When Lance Armstrong fought back from life-threatening cancer to win the 1999 Tour de France – the so-called ‘Tour of Renewal’ – it seemed almost too good to be true. It was. Sunday Times journalist David Walsh was one of a small group who was prepared to raise awkward questions about Armstrong’s seemingly superhuman feats. And so began a 13-year battle to reveal the truth that finally ended in October 2012 when the cyclist was stripped of his seven Tour victories and banned from the sport for life.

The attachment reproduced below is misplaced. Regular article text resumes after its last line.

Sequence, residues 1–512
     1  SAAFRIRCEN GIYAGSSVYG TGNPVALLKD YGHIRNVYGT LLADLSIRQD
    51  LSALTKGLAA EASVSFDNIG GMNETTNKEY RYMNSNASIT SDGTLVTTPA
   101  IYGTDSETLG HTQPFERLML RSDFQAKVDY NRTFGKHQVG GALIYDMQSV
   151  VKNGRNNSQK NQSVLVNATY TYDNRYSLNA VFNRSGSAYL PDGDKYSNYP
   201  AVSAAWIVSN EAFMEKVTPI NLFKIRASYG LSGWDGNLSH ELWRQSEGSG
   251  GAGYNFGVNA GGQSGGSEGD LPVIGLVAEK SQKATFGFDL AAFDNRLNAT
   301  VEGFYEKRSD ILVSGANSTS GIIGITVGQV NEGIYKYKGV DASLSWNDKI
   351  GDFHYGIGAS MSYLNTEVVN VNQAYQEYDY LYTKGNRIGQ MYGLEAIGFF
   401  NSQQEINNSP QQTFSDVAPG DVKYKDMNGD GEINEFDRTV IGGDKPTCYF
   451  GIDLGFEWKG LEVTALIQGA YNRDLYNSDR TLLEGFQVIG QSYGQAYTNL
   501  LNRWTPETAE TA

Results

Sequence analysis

Walsh’s gripping and moving personal account of his struggles is a revealing insight into the murkier end of professional cycling – a place where having the right doctor can make all the difference and where there existed a conspiracy of silence. As he shows, it never was about the bike. However, spurred on by a few brave people who were prepared to speak out in the hope of saving the sport they loved, Walsh continued to probe, and eventually he was vindicated when Armstrong’s reputation was ruined. Seven Deadly Sins takes the reader into a world of doping and lies, but shows that there is always hope for a better future.